Tom Moyane, the man whom Jacob Zuma had appointed head of the South African Revenue Service (Sars), was invited one evening to Cyril Ramaphosa's private home in Hyde Park, Johannesburg, for a discussion with the newly elected head of state.
It was just over a month after Ramaphosa became president. Under normal circumstances, this would be a courtesy invitation to the head of one of the most important institutions of state. But there was already a cloud hanging over this visit, which is why it probably wasn't surprising that it quickly degenerated into a screaming match between the two.
Ramaphosa is definitely unlike his predecessor, whose middle name literally means 'he who smiles while stabbing you'. The president was serious in his bid to fix Sars and he wanted answers from the man who was at the help when it descended into dysfunctionality. He wanted to know for instance why a R70-million VAT refund had been paid by Sars to the Gupta company Oakbay. Ramaphosa pushed harder. How could things be fine at Sars when Moyane's deputy, Jonas Makwakwa, had been caught on camera stuffing large amounts of money into an ATM machine?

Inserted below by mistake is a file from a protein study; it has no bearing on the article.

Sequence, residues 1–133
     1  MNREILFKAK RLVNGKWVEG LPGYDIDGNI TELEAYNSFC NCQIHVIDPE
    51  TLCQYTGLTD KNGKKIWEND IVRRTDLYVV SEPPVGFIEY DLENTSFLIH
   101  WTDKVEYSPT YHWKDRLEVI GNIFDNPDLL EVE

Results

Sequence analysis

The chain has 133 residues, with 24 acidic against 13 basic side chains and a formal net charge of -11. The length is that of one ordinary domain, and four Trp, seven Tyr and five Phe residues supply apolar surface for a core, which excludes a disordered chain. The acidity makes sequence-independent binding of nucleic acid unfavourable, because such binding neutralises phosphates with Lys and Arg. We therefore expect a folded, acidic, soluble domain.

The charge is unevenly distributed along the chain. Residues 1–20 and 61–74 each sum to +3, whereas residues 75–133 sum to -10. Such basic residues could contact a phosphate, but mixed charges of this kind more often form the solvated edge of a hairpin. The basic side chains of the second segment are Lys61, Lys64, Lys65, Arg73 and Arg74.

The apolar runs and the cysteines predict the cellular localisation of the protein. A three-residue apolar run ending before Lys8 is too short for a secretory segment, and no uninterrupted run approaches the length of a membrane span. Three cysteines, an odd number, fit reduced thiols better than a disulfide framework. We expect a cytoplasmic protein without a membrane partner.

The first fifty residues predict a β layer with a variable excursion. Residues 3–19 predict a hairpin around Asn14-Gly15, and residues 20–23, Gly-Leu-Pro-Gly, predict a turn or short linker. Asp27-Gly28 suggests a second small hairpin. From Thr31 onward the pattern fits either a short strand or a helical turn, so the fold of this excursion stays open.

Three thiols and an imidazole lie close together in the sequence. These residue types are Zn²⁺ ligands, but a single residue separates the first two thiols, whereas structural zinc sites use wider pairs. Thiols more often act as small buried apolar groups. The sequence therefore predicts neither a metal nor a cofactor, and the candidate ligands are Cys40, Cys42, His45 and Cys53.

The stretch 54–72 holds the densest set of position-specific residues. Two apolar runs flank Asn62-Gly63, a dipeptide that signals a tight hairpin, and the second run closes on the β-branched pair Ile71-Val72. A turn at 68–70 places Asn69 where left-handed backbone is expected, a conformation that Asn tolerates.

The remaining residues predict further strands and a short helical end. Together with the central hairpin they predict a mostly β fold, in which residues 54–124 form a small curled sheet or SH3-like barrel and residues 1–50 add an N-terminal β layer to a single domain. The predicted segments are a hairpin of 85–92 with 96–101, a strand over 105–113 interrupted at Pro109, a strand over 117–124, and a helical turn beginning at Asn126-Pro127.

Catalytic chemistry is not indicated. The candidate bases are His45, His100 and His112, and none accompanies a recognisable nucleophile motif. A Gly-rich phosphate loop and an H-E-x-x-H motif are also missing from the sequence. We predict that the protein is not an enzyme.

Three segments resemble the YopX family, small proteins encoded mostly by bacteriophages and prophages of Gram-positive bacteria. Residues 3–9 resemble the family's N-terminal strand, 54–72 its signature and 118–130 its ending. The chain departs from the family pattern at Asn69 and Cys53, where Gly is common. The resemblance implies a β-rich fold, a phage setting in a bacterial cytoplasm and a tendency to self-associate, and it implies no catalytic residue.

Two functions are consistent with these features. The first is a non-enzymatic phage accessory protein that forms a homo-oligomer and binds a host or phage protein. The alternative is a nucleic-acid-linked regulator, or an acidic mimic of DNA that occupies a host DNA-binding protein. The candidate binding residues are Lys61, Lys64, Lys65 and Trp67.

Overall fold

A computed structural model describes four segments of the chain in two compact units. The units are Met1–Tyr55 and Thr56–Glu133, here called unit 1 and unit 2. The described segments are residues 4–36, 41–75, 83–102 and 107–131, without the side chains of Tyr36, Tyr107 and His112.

But Moyane was arrogant, impudent even, telling Ramaphosa that there was no second-in-command at Sars and he was the only one in charge. Ramaphosa's response? An angry 'Whatever'. The thirty-minute meeting ended when an irate Ramaphosa asked Moyane to resign as commissioner of Sars, to which the latter responded with a definite 'no'.
'One person at a time.' Kieswetter's strategy for fixing Sars
The Nugent report had also recommended that there should be transparency in the appointment of the new commissioner. Ramaphosa set up a panel led by former finance minister Trevor Manuel to shortlist and interview candidates suitable for the job. Almost a year after he asked Moyane to resign, Ramaphosa announced that former Sars deputy commissioner Edward Kieswetter would lead the organisation from 1 May 2019. The panel who conducted the interviews believed that he emerged as the strongest candidate from the six applicants shortlisted. Kieswetter had served as deputy commissioner under Pravin Gordhan between 2004 and 2009 and then went on to the private sector where he was group chief executive of Alexander Forbes. When he returned to Sars as the new commissioner, Kieswetter said he was ready to rescue the institution from the 'unfortunate tragedy of the last four years'.
Interestingly, Moyane's fightback was continued by the EFF, which rejected Kieswetter's appointment, claiming he was a nephew of Manuel's and that the two had a close business relationship. The former minister sued the EFF and won a half-a-million rand claim against them for defamation.
* This is an extract from by Qaanitah Hunter, published by Kwela Books, available in book stores now.